Scientists from McMaster University in Hamilton, Ontario, Canada, have discovered a strong antimicrobial that is effective against some of the strongest infectious diseases and could enable the development of new therapeutic drugs that fight drug-resistant infections.
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The potent antimicrobial is particularly effective against Staphylococcus aureus diseases, commonly called staph infections. These infections stem from bacteria that live harmlessly on many people’s skin and are often found in the nose, armpits, groin, or on the buttocks.
If the bacteria get into the skin through a bite or a cut, close skin contact, through shared use of towels or toothbrushes, or less commonly through droplets from coughs and sneezes, it can cause some serious complications such as blood poisoning or toxic shock syndrome. However, the infection can go away without the need for antibiotic treatments and usually presents itself as a skin infection.
There is a growing global danger of antimicrobial resistance, and staph infections are believed to be the main cause of this spreading resistance. Methicillin-resistant (MRSA) strains are the most commonly known strains that are developing resistance to all antibiotics currently in use. This is causing particular concern in hospitals, nursing homes, and other healthcare settings, as MRSA can be spread through surgical sites and medical devices inserted into the body.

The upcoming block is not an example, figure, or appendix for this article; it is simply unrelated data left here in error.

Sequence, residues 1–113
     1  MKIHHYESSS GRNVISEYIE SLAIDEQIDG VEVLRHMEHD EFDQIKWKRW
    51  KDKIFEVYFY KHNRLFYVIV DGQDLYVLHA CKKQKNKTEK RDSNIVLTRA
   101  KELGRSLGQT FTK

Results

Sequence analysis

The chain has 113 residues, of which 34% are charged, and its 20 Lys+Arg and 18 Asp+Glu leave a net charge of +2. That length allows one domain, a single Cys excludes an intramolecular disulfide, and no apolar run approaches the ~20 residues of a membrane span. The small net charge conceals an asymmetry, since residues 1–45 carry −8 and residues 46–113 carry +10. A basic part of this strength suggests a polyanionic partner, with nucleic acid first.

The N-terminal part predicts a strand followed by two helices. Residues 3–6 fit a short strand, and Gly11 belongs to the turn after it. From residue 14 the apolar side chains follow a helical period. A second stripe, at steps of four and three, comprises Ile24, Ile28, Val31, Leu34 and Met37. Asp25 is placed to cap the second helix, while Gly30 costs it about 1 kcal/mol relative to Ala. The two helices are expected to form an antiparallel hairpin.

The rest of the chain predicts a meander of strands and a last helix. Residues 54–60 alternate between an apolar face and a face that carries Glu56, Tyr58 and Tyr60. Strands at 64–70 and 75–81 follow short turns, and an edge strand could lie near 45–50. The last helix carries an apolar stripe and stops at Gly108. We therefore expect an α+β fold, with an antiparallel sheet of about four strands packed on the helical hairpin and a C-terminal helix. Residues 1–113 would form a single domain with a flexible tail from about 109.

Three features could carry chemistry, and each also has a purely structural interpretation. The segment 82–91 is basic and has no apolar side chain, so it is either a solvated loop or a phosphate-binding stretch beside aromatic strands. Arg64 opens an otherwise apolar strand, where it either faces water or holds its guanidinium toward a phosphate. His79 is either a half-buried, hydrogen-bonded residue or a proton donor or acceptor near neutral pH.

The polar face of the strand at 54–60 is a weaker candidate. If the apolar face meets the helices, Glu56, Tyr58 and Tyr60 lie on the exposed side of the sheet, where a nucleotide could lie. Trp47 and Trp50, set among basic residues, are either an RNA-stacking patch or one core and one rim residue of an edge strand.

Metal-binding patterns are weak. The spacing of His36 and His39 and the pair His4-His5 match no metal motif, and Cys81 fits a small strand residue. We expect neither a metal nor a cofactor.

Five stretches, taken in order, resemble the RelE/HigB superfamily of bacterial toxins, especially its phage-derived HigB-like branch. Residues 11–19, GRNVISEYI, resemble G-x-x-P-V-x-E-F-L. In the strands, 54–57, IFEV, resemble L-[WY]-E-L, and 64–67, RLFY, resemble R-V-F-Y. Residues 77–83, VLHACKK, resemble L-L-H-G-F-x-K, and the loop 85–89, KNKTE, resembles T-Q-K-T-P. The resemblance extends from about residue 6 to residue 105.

The study, published in Nature Chemical Biology on 25 November 2019, shows how the McMaster University research team has potentially begun to combat this trend in antimicrobial resistance. By screening thousands of small molecules, researchers discovered MAC-545496, a potent new antimicrobial that is active against MRSA.
MAC-545496 does not kill staph infections or stop its growth, and so the chances of the infection becoming resistant to the antimicrobial are significantly smaller than with conventional antibiotics.
With the Centers for Disease Control and Prevention estimating that around 5 percent of patients in US hospitals carrying MRSA on their skin or in their nose, this discovery’s importance is clear.
This antimicrobial has a very exciting mode of action, kind of like hitting many birds with one stone.”
Senior author Eric Brown, McMaster University
Brown added that it “provides a promising starting point.”
MAC-545496 inhibits MRSA’s ability to bring about infections by weakening its tolerance to the immune system and blocking its ability to resist a number of front-line antibiotics. In particular, MAC-545496 is able to separate MRSA from a key protein, GraR, which facilitates the infection’s responses to external counter attacks and its ability to resist antibiotics. As such, the immune system is better able to clear the infection itself.
“We screened about 45,000 different compounds and found this potent bioactive,” Omar El-Halfawy said, the first author on the study and a postdoctoral fellow of biochemistry and biomedical sciences at McMaster.
“It’s the needle in the haystack. But, although it will be a long road between this discovery and clinical use, we feel we’re expanding our arsenal for combatting drug-resistant staph infections.”
Potent antimicrobial found that shows promise in fighting staph infections. Eurekalert. Available from: https://www.eurekalert.org/emb_releases/2019-11/mu-paf112219.php